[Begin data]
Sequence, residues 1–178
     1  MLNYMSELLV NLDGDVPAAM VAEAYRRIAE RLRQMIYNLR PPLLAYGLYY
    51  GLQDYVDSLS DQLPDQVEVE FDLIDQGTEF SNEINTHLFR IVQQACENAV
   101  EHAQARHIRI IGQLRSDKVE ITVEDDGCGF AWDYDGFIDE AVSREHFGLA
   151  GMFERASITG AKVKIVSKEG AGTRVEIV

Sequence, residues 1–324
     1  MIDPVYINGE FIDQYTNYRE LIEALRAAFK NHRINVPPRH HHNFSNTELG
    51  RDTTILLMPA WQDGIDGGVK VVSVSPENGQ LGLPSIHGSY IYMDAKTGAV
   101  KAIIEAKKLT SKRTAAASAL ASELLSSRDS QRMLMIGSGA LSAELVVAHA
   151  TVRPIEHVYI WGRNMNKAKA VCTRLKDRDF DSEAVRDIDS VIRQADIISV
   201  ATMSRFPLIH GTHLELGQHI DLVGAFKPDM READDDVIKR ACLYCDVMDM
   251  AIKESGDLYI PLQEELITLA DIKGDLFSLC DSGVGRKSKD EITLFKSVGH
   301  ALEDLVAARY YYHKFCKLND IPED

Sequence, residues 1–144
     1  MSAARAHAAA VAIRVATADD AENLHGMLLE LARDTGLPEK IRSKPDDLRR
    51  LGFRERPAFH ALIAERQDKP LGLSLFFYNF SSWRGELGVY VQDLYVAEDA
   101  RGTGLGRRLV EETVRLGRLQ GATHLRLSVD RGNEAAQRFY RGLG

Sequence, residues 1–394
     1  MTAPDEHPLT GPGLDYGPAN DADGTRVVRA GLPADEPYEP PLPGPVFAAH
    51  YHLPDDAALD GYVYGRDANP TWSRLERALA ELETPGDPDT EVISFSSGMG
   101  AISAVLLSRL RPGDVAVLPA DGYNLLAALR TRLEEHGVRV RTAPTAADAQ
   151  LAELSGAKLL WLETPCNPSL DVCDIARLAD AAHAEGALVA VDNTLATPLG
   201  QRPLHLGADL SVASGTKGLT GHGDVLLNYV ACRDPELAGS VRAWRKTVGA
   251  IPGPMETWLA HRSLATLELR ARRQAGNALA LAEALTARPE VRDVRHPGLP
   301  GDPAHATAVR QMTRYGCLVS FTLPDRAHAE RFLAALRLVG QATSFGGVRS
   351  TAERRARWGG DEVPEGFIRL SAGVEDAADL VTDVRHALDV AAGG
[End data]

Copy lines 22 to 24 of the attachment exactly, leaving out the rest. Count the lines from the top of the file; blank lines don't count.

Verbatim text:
   151  LAELSGAKLL WLETPCNPSL DVCDIARLAD AAHAEGALVA VDNTLATPLG
   201  QRPLHLGADL SVASGTKGLT GHGDVLLNYV ACRDPELAGS VRAWRKTVGA
   251  IPGPMETWLA HRSLATLELR ARRQAGNALA LAEALTARPE VRDVRHPGLP